Harriet Harris: The Tony winner’s best stage and TV performances

Harriet Harris: The Tony winner’s best stage and TV performances

The new Masterpiece miniseries “Atlantic Crossing” tells the story of the World War II relationship between U.S. President Franklin Roosevelt (Kyle MacLachlan, “Sex and the City”) and Norwegian Crown Princess Märtha (Swedish star Sofia Helin, “The Bridge”). Tony Award winner Harriet Sansom Harris — known and beloved in the theater world as Harriet Harris — co-stars as first lady Eleanor Roosevelt in the eight-part series on THIRTEEN.

If you’re wondering where else you may have seen the supremely talented actress Harriet Harris perform, here’s a look at some of Harris’ most memorable roles on stage and television.

Harriet Harris as Eleanor Roosevelt

Harriet Harris as Eleanor Roosevelt in the PBS series Masterpiece: "Atlantic Crossing."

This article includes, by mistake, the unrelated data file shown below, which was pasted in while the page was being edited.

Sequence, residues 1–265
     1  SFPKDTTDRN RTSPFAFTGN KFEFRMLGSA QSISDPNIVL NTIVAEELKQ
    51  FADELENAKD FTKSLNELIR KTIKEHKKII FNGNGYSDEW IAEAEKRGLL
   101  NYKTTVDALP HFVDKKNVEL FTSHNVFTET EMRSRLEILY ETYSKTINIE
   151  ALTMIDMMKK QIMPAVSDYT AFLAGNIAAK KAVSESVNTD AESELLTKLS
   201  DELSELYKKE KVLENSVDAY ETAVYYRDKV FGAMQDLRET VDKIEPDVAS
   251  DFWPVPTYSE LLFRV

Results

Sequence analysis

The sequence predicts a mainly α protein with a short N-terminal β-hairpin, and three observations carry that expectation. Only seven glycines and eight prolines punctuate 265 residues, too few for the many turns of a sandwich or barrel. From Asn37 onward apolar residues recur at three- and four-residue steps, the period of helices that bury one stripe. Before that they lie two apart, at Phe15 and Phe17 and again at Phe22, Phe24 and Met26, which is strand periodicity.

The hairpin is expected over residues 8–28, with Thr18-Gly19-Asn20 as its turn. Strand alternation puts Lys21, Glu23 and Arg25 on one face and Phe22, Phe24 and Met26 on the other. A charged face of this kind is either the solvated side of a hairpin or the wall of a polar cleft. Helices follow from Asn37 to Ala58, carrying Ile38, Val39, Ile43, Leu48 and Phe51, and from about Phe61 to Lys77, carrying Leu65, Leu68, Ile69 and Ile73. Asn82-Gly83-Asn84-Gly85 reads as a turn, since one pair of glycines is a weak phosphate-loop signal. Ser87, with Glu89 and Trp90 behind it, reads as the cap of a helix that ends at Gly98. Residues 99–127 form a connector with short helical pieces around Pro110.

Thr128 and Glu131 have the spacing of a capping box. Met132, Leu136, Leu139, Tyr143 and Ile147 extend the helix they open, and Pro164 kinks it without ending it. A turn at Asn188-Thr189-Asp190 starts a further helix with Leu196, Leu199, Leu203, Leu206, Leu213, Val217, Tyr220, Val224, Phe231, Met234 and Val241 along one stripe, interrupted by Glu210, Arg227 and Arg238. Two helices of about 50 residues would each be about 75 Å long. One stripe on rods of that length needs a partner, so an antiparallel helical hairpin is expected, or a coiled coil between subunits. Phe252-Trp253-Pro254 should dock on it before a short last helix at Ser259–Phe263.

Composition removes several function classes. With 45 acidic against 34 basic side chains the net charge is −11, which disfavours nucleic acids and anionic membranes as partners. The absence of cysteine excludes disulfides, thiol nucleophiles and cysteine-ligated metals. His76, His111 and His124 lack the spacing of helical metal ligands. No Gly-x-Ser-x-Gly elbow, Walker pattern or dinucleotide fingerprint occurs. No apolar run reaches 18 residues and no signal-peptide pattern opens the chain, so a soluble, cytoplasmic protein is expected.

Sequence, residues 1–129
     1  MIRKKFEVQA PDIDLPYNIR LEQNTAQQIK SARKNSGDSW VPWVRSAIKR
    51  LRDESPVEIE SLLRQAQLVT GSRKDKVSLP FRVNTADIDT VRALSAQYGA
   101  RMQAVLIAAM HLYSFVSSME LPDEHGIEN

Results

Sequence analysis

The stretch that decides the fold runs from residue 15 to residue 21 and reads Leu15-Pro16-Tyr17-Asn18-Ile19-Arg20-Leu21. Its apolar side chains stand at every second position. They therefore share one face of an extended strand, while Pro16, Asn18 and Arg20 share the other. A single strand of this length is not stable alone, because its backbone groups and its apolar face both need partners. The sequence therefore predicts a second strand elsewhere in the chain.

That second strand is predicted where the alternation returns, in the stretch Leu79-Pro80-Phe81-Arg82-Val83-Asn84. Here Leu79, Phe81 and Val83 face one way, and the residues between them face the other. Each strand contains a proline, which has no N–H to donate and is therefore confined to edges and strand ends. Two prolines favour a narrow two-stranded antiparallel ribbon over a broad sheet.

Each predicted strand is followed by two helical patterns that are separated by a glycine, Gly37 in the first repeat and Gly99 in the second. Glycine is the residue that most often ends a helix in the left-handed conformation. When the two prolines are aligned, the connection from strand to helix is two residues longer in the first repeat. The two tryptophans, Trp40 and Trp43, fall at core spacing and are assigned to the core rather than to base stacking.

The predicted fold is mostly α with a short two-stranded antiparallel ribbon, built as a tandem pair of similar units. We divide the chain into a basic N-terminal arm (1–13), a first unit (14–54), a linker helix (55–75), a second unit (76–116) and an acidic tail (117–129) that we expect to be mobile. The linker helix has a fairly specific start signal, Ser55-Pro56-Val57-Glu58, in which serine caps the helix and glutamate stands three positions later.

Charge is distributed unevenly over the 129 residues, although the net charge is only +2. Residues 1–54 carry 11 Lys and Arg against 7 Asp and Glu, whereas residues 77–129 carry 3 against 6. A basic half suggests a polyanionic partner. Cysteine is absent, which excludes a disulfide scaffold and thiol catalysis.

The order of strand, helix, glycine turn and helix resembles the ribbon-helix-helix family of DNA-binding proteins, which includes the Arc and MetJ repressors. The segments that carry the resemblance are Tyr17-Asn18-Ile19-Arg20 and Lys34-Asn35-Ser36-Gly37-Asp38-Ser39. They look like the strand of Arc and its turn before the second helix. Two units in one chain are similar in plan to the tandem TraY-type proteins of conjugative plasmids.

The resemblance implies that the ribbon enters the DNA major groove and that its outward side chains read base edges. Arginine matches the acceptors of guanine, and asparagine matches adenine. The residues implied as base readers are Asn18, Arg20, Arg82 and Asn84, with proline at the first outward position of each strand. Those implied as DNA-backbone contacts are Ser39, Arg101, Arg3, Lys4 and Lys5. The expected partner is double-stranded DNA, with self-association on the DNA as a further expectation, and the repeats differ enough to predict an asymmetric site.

Harriet Harris as Eleanor Roosevelt in the PBS series Masterpiece: “Atlantic Crossing.”

“Atlantic Crossing” (2021) marks the fourth time Harris has portrayed the iconic first lady. The Juilliard-trained actress has taken the stage as Eleanor Roosevelt in Paul Rudnick’s Off-Broadway trilogy “Rude Entertainment” and Mark St. Germain’s one-woman play “Eleanor” — which returns to the Barrington Stage Company in Massachusetts this summer. On screen, alongside Tony winners Patti LuPone and Holland Taylor, Harris co-stars as Eleanor in Ryan Murphy’s hit Netflix series “Hollywood.”